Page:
'Digital Dog Nose' can identify explosives, drugs and more

Wednesday, 02 June, 2021

'Digital Dog Nose' can identify explosives, drugs and more

A new sensor developed at The University of Rhode Island (URI) is said to be so powerful that it can detect threats at the molecular level — whether it’s explosive materials, particles from a potentially deadly virus or illegal drugs entering the country.

The sensor has been developed by Professor Otto Gregory and chemical engineering doctoral student Peter Ricci, after a long period of testing and refinement. The work was originally funded 20 years ago by the Defense Advanced Research Projects Agency (DARPA), a research and development agency of the US Department of Defense. After two years of DARPA funding, the Army funded the project for a year. The Department of Homeland Security has provided funding ever since.

“Anything that can typically be sniffed out by a dog, we can do,” Prof Gregory said. “That’s why we’ve called it the Digital Dog Nose.”

Originally the size of a toolbox, the Digital Dog Nose has now been reduced to a quarter of the size of a pack of cigarettes. As explained by Prof Gregory, “By decreasing the thermal mass of the sensor, we’ve decreased the amount of power required to run the sensor. We started with a thermal mass on the order of grams; now the thermal mass of our sensor is on the order of micrograms.”

One of the keys to making a device this small and powerful is to find the right battery. Prof Gregory said, “We have partnered with a company that makes very thin, low-mass batteries in Colorado called ITN Energy Systems. They make lithium batteries that are no thicker than a piece of paper. The process has been about finding the right partners, which helps us improve our catalysts and improve our sensor platform.”

In March 2021, the Naval Research Laboratory brought its mobile testing unit to URI to put the explosives sensors and others to the test. Ricci recalled, “They set up a field test outside using their vapour test bed. They were able to select an explosive molecule and deliver it to the sensor system. Knowing what the level was, they wanted to see how our sensor would respond. One of the tests was at the part-per-quadrillion level.”

This sensitivity bodes well for the detection of further explosives in future. As noted by Prof Gregory, “The Department of Homeland Security has asked us to be flexible enough to anticipate and adapt to emerging threats that may come several years down the road. We can tweak our catalysts for a specific molecule that is the current threat. That’s what we do with biomarkers. That’s what we do with drugs. What’s nice about this platform is that it’s flexible.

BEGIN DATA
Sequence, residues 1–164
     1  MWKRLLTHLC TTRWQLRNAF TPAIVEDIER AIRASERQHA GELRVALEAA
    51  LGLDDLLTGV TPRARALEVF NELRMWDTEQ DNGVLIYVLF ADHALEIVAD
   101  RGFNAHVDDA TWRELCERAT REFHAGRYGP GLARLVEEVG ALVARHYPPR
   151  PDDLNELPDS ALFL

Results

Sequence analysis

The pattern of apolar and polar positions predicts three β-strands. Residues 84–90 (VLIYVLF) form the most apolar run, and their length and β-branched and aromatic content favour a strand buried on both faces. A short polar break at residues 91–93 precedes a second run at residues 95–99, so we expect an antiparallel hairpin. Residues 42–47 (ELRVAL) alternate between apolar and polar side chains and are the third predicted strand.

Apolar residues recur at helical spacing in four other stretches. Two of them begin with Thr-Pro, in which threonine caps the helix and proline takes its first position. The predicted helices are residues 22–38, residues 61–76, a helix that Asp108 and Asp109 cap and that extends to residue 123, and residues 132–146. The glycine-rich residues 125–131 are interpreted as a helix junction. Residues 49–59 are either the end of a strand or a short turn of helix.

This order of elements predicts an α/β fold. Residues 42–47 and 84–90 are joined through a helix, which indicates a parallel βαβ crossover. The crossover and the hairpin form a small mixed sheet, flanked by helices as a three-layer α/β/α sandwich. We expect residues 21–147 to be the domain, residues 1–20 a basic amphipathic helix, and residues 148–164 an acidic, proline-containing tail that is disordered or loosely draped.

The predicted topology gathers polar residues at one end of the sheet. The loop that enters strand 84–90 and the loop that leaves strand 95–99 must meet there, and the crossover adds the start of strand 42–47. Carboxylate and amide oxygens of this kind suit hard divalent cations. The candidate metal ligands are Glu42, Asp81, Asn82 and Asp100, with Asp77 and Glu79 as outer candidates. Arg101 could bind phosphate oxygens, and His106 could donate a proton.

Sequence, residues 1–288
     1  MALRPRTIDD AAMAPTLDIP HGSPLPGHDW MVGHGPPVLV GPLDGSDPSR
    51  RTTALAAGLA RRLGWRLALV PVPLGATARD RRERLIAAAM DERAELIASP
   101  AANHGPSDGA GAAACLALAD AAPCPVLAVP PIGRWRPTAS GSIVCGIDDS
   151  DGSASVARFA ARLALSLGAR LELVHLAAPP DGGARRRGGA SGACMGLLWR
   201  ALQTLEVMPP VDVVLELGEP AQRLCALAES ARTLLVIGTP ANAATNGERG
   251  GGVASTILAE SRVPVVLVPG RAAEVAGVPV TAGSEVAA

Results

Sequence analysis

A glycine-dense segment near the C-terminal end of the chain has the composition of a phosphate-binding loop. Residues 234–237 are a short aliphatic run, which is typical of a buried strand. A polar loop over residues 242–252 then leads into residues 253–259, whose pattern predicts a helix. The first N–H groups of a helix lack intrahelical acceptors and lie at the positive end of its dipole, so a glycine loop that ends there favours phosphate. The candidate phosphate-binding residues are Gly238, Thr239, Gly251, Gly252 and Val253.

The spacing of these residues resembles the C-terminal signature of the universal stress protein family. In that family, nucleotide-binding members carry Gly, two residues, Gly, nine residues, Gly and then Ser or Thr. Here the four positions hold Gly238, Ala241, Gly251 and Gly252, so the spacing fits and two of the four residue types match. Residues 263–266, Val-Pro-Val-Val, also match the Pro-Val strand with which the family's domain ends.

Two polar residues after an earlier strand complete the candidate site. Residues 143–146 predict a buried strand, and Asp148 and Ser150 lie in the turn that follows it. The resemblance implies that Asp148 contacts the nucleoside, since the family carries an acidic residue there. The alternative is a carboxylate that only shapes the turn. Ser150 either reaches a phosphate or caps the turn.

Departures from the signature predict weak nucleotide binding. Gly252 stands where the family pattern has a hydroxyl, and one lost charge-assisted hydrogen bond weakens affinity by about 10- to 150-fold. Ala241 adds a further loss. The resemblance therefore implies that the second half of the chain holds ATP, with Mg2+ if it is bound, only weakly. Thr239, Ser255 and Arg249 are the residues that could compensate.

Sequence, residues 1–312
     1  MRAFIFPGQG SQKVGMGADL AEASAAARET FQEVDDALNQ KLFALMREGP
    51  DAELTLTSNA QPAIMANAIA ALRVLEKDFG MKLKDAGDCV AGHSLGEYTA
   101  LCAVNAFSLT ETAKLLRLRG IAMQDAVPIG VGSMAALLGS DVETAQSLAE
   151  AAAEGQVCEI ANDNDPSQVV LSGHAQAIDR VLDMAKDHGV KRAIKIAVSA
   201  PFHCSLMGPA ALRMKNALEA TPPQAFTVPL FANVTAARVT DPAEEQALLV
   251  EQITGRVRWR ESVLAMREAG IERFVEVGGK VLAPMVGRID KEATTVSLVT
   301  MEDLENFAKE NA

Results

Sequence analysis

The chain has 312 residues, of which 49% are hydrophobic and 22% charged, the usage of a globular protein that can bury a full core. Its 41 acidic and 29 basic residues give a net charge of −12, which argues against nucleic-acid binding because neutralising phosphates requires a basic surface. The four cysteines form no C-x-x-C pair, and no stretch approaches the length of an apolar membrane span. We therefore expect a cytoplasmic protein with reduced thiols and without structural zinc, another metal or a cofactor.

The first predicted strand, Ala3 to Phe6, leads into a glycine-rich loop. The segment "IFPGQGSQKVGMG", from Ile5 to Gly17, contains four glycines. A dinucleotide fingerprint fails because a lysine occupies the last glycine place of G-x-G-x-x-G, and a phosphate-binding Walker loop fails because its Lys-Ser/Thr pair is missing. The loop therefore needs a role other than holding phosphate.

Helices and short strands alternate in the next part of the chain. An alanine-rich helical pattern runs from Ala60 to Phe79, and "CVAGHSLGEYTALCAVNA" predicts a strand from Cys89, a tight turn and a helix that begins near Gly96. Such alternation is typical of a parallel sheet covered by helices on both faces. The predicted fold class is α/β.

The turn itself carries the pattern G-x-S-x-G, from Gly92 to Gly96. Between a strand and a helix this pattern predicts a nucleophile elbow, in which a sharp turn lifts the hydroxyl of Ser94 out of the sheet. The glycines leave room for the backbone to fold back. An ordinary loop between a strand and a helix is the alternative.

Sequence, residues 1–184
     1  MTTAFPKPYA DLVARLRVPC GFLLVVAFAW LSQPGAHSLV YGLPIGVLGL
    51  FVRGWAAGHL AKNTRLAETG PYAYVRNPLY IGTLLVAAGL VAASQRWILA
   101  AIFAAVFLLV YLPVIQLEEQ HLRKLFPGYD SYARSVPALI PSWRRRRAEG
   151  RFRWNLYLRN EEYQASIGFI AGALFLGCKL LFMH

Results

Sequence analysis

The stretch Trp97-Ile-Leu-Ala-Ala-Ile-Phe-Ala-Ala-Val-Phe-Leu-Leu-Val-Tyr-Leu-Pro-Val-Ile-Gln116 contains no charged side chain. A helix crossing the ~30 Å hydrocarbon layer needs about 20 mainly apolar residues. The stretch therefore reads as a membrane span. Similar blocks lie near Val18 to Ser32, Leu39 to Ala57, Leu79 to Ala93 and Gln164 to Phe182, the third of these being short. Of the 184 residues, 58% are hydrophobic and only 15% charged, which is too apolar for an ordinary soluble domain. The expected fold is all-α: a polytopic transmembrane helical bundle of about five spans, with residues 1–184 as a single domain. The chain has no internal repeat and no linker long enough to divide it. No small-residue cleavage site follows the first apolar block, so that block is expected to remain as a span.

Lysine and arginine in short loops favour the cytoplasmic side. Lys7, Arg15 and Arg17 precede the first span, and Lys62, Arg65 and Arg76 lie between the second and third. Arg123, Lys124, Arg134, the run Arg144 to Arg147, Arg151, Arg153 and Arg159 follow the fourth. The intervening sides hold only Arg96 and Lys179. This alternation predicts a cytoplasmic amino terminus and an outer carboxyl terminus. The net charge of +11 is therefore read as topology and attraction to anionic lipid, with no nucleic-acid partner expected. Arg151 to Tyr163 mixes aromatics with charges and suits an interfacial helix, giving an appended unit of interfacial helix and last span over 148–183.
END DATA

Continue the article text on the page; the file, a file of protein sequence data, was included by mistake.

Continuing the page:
“The platform is broad based, so you can apply it to lots of different venues, with lots of different end users.”

In addition to the Department of Homeland Security, other government agencies have also taken notice of the sensor and its potential applications. For example, the Department of Defense may be interested in using it to monitor wounds in soldiers and to detect roadside improvised explosive devices (IEDs). If a soldier or first responder suffered an open wound from shrapnel, the sensors could help determine if the wound became infected.

“Hydrogen peroxide generated by the human body for wounds is an indication of how good or how bad antibiotics are working to fight the wound,” Ricci noted. “Our sensor could be used as a wearable device to sniff out peroxide coming from the wound at the part-per-billion level.”

The US Coast Guard has meanwhile shown an interest in using the technology to ‘sniff out’ illegal drugs being smuggled into the United States aboard ships. The sensor could also be used to detect COVID-19 in humans, replacing sniffer dogs that are finding traces of COVID-19 coming from the pores in people’s skin.

“Where dogs are detecting it from the skin, our sensors would detect it from biomarkers in people’s breath,” Ricci said.

The sensors’ reduced size and weight means they could also be attached to drones, leading to even more applications. Prof Gregory noted, “Drones need very lightweight, portable power supplies and you have to tap into their wireless communication. It’s a much different set of engineering conditions than using a robot arm that the Army is looking to use for roadside IEDs.”

The researchers are also working on sensor arrays to differentiate one explosive, or threat, from another. Ricci noted, “We’ll need an array of sensors to detect a specific explosive in the presence of other explosives or precursors. If there’s a plume of three different explosives, we may need to identify one from the others.”

Now that the sensors have proven to be effective, implementing them in real-world situations is just a matter of funding.

“Our sensor is not an off-the-shelf commercial product yet, but we have a potential partner,” Prof Gregory said. “We just need a customer to step up to the plate and say ‘here’s an order for 1000 of these, can you deliver them?’

“This is potentially life-saving technology,” Prof Gregory concluded. “We have detected things at the part-per-quadrillion level. That’s really single-molecule detection.”

Image caption: URI doctoral student Peter Ricci and Professor Otto Gregory test the Digital Dog Nose sensor platform in Prof Gregory’s Thin Film Sensors Laboratory at URI. The blue devices on the table represent the two latest versions of the Digital Dog Nose. Image credit: Mike Platek.

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